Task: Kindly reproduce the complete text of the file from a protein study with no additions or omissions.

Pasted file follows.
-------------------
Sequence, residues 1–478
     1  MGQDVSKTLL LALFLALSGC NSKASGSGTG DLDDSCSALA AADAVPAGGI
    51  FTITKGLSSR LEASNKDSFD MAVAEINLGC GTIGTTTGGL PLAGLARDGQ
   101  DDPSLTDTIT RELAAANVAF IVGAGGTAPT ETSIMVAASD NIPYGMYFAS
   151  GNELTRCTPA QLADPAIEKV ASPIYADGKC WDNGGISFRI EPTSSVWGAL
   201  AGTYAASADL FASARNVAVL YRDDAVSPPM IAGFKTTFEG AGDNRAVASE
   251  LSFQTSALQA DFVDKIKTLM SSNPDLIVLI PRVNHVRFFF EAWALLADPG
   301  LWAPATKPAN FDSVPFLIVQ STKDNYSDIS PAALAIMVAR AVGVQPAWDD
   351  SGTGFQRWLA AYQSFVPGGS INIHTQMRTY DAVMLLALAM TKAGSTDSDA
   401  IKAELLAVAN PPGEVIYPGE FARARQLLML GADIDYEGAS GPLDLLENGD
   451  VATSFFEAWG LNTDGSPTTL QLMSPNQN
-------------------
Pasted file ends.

Sequence, residues 1–478
     1  MGQDVSKTLL LALFLALSGC NSKASGSGTG DLDDSCSALA AADAVPAGGI
    51  FTITKGLSSR LEASNKDSFD MAVAEINLGC GTIGTTTGGL PLAGLARDGQ
   101  DDPSLTDTIT RELAAANVAF IVGAGGTAPT ETSIMVAASD NIPYGMYFAS
   151  GNELTRCTPA QLADPAIEKV ASPIYADGKC WDNGGISFRI EPTSSVWGAL
   201  AGTYAASADL FASARNVAVL YRDDAVSPPM IAGFKTTFEG AGDNRAVASE
   251  LSFQTSALQA DFVDKIKTLM SSNPDLIVLI PRVNHVRFFF EAWALLADPG
   301  LWAPATKPAN FDSVPFLIVQ STKDNYSDIS PAALAIMVAR AVGVQPAWDD
   351  SGTGFQRWLA AYQSFVPGGS INIHTQMRTY DAVMLLALAM TKAGSTDSDA
   401  IKAELLAVAN PPGEVIYPGE FARARQLLML GADIDYEGAS GPLDLLENGD
   451  VATSFFEAWG LNTDGSPTTL QLMSPNQN